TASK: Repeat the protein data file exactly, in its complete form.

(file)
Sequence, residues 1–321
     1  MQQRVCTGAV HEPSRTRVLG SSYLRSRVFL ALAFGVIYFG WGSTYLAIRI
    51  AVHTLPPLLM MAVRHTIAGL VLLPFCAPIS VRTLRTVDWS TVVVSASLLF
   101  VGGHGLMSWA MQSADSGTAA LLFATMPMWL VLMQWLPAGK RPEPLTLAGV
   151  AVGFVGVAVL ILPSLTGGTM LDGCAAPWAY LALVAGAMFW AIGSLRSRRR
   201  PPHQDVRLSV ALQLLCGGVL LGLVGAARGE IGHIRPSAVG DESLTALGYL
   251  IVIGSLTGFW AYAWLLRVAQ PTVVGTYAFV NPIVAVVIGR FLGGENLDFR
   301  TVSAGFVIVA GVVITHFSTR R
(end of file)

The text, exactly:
Sequence, residues 1–321
     1  MQQRVCTGAV HEPSRTRVLG SSYLRSRVFL ALAFGVIYFG WGSTYLAIRI
    51  AVHTLPPLLM MAVRHTIAGL VLLPFCAPIS VRTLRTVDWS TVVVSASLLF
   101  VGGHGLMSWA MQSADSGTAA LLFATMPMWL VLMQWLPAGK RPEPLTLAGV
   151  AVGFVGVAVL ILPSLTGGTM LDGCAAPWAY LALVAGAMFW AIGSLRSRRR
   201  PPHQDVRLSV ALQLLCGGVL LGLVGAARGE IGHIRPSAVG DESLTALGYL
   251  IVIGSLTGFW AYAWLLRVAQ PTVVGTYAFV NPIVAVVIGR FLGGENLDFR
   301  TVSAGFVIVA GVVITHFSTR R